“This year has been a period of building on the existing strengths of the organisation to ensure it is better placed to expose corruption and promote ethical conduct in the Queensland public sector…. The CJC this year took a strategic decision to enhance its ability to promote corruption prevention initiatives in the public sector.”
---Chairperson Brendan Butler SC
Chairperson Brendan Butler SC commenced in November 1998 after practising as a criminal lawyer in Queensland for 22 years and was Counsel Assisting the Fitzgerald Commission of Inquiry, and through this, led an investigative team of barristers and detectives.
In 1998-99, the CJC took a strategic decision to enhance its ability to promote corruption prevention initiatives in the public sector. Five additional corruption prevention officers were appointed, and greater liaison was initiated with local government and the public service as the CJC emphasised prevention as a desired outcome of its work.
The CJC continued proactively investigating possible corruption in the police service, correctional institutions, the public sector and local government in 1998-99.
Some of the key highlights from this year included:
- Recommending 358 charges, 162 of which related to criminal charges and 196 to disciplinary charges
- 2,768 complaints were registered, comprising 5,815 separate allegations. This was the highest amount ever received and represented a 10 per cent increase from the previous year
- 60 per cent of complaints received were from members of the public
- The Corrective Services Multi-Disciplinary Team (MDT) commenced piloting an intensive collection plan (Project Indigo) where CJC officers could collect information on allegations of official misconduct within Queensland correctional centres
- 64 corruption prevention workshops/presentations were provided to the Queensland Police Service (QPS), 38 to the broader public sector and 36 to correctional centres
- 40 witnesses were summonsed to give evidence at Commission hearings
- Five prisoners were directed to appear before the Commission and
- Six listening device applications were approved by the Supreme Court.
Through Project Sunbeam, the CJC developed indicators of corruption for areas that fell within its jurisdiction. Intelligence indicators are sets of information which, when viewed separately, may not appear of great value, but when combined, may indicate that something of interest is occurring. Three draft papers were prepared on indicators of corruption in the police service, corrective services and the public sector. When completed, it was expected that the indicators would provide managers and investigators with early warnings of corruption.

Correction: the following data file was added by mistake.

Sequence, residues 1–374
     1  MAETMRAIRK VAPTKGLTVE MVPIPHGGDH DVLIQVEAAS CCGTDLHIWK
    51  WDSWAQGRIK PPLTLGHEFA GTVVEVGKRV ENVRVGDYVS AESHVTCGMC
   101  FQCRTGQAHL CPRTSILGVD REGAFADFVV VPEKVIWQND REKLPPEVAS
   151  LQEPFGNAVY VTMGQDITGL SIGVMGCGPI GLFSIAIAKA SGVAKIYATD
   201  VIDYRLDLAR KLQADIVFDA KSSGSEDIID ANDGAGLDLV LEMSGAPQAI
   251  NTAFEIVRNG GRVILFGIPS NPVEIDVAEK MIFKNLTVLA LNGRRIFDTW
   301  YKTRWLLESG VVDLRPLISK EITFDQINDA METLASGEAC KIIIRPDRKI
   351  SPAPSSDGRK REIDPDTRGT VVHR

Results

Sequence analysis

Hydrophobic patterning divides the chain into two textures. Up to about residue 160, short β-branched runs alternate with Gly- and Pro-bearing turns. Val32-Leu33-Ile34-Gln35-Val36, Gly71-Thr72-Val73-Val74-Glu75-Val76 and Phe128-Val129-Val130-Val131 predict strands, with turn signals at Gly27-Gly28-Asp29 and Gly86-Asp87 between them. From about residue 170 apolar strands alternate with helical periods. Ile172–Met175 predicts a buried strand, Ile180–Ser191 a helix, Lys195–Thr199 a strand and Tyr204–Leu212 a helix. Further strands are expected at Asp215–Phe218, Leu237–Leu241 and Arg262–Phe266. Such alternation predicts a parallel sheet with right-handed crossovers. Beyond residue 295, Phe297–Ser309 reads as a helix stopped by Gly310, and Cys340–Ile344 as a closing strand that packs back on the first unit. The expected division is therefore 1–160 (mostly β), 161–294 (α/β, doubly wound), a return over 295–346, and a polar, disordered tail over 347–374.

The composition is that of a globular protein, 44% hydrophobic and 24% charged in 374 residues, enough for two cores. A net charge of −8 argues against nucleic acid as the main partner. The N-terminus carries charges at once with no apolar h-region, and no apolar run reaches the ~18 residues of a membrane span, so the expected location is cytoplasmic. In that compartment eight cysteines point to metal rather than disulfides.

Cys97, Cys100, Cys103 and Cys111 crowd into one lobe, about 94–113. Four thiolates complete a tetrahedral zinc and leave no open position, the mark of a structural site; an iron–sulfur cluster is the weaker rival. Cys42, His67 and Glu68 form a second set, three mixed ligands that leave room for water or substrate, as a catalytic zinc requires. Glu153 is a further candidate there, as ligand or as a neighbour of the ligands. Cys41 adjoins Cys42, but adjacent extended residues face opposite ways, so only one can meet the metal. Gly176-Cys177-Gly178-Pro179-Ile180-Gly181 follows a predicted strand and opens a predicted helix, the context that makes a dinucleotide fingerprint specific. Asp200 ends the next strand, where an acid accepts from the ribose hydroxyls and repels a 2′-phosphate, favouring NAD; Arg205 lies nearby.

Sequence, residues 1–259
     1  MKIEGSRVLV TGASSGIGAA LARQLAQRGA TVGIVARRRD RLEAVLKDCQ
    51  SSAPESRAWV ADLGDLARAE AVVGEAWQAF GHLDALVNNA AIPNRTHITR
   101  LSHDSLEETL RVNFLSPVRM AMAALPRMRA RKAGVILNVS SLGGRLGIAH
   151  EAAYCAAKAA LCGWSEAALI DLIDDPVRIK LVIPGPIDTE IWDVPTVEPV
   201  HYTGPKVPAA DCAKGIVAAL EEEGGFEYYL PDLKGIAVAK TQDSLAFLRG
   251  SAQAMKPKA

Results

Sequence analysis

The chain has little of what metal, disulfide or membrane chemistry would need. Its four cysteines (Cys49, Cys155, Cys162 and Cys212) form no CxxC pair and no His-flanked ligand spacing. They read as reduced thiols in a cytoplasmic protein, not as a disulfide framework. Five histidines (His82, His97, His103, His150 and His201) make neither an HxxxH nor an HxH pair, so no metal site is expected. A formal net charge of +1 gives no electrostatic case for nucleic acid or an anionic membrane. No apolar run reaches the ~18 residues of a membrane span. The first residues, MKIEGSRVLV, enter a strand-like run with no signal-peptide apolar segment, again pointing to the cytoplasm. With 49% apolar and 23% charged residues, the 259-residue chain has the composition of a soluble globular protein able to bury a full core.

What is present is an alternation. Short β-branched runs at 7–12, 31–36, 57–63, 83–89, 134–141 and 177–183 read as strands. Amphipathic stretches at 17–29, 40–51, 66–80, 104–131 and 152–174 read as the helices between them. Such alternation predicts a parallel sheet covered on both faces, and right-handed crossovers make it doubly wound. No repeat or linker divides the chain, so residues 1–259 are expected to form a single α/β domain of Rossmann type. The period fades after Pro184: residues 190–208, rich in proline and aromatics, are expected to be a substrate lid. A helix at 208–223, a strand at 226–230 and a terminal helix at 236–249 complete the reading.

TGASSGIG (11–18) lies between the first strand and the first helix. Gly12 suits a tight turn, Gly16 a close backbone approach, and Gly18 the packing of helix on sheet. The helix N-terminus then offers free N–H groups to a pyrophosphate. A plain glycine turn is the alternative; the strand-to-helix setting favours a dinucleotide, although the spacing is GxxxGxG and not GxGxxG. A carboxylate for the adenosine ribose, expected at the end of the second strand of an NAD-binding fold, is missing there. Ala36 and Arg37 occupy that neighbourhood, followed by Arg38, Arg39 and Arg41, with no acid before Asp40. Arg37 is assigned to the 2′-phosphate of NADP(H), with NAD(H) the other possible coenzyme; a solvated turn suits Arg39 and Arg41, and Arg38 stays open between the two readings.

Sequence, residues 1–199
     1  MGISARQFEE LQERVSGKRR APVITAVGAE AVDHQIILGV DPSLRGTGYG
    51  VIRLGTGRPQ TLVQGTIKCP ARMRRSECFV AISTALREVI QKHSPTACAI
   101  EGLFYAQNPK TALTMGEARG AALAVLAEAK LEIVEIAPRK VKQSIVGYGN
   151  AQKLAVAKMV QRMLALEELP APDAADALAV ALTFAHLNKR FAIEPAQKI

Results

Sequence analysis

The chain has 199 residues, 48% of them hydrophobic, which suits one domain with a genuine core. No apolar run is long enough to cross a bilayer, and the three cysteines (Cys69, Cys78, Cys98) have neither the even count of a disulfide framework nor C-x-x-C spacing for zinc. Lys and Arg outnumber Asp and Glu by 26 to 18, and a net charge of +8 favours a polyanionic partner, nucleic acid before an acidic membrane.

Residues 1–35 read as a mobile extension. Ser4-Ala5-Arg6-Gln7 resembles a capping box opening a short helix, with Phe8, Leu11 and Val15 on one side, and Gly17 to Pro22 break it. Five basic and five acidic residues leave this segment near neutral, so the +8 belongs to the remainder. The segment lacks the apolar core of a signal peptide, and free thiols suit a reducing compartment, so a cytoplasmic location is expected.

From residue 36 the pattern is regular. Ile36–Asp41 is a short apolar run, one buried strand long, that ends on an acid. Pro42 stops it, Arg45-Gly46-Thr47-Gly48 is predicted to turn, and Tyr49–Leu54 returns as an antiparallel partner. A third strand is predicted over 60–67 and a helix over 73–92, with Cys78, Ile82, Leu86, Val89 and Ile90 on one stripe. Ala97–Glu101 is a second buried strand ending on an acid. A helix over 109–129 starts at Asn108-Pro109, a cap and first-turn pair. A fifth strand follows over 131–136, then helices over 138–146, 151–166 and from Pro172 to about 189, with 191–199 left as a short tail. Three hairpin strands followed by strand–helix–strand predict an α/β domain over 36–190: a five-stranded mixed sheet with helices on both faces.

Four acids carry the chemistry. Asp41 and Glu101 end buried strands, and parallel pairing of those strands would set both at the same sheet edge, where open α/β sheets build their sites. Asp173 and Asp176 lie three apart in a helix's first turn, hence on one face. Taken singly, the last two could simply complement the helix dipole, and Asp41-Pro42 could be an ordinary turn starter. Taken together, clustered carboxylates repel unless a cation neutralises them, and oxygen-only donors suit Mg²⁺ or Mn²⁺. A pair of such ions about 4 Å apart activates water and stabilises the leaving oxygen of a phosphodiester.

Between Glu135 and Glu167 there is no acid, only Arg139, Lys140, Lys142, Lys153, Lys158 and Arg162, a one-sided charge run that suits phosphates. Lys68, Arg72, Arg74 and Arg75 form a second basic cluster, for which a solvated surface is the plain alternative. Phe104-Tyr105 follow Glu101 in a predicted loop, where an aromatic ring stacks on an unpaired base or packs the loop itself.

The Kimmins Inquiry established that there was no evidence of an official cover-up in the investigation of paedophilia by law enforcement agencies in Queensland. During the Inquiry, 43 witnesses were publicly examined on oath over 27 days.
One of the 14 recommendations resulting from the Carter Inquiry report was the establishment of a police anti-corruption unit, separate from the Complaints Section and multidisciplinary in concept. The Target Development Unit was staffed by police and civilian investigators, with support from legal expertise, intelligence, financial analysis, surveillance and other areas. It developed well-defined individual targets or areas of corruption that had a reasonable prospect of being successfully investigated.
In May 1999, discussions were held between CJC officers and officers from the Department of the Premier and Cabinet on the drafting of new witness protection legislation for Queensland. Throughout 1998-99 the CJC provided security at courts for 23 witnesses who were required to give evidence. As a result of this protection, all witnesses were able to fulfil their obligations to give evidence.
In 1998-99, seven offenders were prosecuted for perjury, resulting from four separate operations: Caesar II, Lime, Monument and Jetski. Three of these offenders were serving police officers, one a former police officer and three were civilians. They received custodial sentences ranging from 12 months to three and a half years.
To find out more, read the Annual Report 1998-99.